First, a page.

In prayer the practicality of the open view of God shines. In prayer God treats us as subjects not objects and real dialogue takes place. God could act alone in ruling the world but wants to work in consultation. It is not his way unilaterally to decide everything. He treats us as partners in a two-way conversation and wants our input….

Thus prayer validates the open view of God because it so adequately reveals the interactive nature of the God-world relationship. Pinnock argues this is crucial to providing a proper sort of motivation for prayer. “People pray passionately,” he says, “when they see purpose in it, when they think prayer can make a difference and that God may act because of it.”

(Picture here.)


(1) Basinger would classify himself among those open theists who find prayers requesting non-coercive divine influence in the lives of others to be problematic. He counts Hasker and Sanders as examples of those who do not find such prayers problematic. Among open theists that I have researched, Basinger is alone is his view. All other open theists agree that there are times that God fails to bestow some good he is otherwise willing to bestow because humans fail to request it of him. Basinger believes God would not make the provision of one’s essential needs dependent upon God being asked to do so by some third party. I’ll address this question in a separate post.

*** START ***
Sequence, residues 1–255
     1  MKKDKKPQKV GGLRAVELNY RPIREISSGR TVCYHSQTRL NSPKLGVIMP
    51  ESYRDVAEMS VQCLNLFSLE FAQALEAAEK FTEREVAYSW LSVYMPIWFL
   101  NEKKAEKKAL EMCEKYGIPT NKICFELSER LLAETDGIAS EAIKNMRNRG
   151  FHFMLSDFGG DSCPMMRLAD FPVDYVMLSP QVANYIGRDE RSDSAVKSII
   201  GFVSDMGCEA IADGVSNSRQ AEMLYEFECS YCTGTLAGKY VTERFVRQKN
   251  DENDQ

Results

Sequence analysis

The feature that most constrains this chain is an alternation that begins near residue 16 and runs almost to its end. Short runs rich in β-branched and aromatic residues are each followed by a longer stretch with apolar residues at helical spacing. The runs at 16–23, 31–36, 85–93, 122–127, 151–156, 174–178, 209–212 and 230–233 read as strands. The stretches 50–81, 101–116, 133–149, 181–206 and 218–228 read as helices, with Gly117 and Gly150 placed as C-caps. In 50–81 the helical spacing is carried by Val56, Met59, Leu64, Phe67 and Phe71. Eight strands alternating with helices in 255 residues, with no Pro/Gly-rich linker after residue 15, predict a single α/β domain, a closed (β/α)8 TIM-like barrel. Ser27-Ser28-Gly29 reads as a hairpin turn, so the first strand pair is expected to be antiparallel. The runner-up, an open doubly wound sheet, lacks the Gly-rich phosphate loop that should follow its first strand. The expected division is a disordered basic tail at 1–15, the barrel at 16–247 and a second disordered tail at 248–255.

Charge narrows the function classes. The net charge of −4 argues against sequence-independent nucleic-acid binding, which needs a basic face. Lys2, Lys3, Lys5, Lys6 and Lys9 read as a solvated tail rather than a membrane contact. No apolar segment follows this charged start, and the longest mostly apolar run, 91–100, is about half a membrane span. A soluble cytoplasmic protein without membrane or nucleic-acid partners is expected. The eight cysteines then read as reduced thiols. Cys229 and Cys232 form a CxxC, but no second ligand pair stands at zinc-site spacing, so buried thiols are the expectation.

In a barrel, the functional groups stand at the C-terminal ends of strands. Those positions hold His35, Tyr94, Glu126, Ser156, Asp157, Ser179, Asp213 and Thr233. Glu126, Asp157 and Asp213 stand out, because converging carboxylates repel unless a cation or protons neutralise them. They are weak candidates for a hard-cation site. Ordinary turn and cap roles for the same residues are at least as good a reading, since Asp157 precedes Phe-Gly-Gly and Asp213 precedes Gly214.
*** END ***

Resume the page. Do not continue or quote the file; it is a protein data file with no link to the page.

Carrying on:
One comment on “Praying the open view: partnering with God (1)

  1. […] Praying the open view: partnering with God ( most Christians believe that whether God directly intervenes in our world depends at times on whether we petition God to do so. “We have not because we ask not” in the sense that “certain states of affairs that God can and wishes to bring about do not occur because we have chosen not to request that he intervene.” (italics mine) For open theists, how we understand this “because” is what sets an open worldview and its approach to prayer apart from other views. Sanders will emphasize the important of this “because” as well. […]